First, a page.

- Consent: Consent is an affirmative defense to a sexual battery. Note that consent must be freely, knowingly, and voluntarily given to be valid, so if the victim was incapacitated in any way, it may be difficult to persuade a jury that there was consent or that it was reasonable for the defendant to mistakenly believe that the victim did consent. Nevertheless, our criminal defense lawyers may be able to prove you had a reasonable belief the alleged victim gave consent.
- Mental incapacity: If defendants in sexual assault cases prove that they weren’t in their right mind during the sexual assault, a judge may give them a more lenient sentence. If you were dealing with a mental disease at the time of the sexual assault, you could argue that the disease prevented you from realizing you were doing anything wrong.
- Onus of proof: Another angle your defense lawyer may take is to promote doubt. The onus of proof lies with the prosecuting attorney, not the defense, which means the prosecution team must prove particular parts of the case beyond a reasonable doubt in order to garner a conviction.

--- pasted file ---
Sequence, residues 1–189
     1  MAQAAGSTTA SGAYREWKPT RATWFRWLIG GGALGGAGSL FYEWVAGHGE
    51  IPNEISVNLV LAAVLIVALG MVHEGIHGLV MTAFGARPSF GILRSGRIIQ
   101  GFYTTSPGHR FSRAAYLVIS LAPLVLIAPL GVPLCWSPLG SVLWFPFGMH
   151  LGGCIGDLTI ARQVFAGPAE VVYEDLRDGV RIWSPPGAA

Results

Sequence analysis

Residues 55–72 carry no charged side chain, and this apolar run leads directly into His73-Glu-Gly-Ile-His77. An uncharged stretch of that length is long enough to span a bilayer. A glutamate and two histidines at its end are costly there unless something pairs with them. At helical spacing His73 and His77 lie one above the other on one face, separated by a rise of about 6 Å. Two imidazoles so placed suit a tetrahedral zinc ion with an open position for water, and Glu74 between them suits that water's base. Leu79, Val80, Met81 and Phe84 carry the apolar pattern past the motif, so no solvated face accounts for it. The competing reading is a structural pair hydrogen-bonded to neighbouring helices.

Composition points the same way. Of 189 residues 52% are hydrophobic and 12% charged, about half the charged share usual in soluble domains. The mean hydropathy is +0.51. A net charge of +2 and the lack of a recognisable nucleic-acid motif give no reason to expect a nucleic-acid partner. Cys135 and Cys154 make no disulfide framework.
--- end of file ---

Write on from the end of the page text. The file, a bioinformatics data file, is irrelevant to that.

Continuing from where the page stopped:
It’s important that you don’t try to handle this type of case alone. An expert Santa Barbara sexual battery defense attorney may best be able to help you understand the law and develop a winning defense strategy depending on the circumstances of your case.
Consult an Experienced Santa Barbara Sexual Battery Defense Lawyer
If you’re confronted with accusations of sexual battery, contact an experienced Santa Barbara criminal defense lawyer who knows California law and may help you defend against your alleged actions. The expert attorneys at the Aron Law Firm, led by William M. Aron, are here to protect you against your accusations by investigating your case in detail and building a robust defense. Our legal team is well versed in protecting clients from sexual battery charges and is dedicated to helping them avoid the consequences that stem from this offense.
The Aron Law Firm takes a client-centered approach and aims to make the legal process as painless as possible. To speak with a sexual battery defense attorney, schedule a consultation by completing our contact form or by calling us at (805) 500-0867.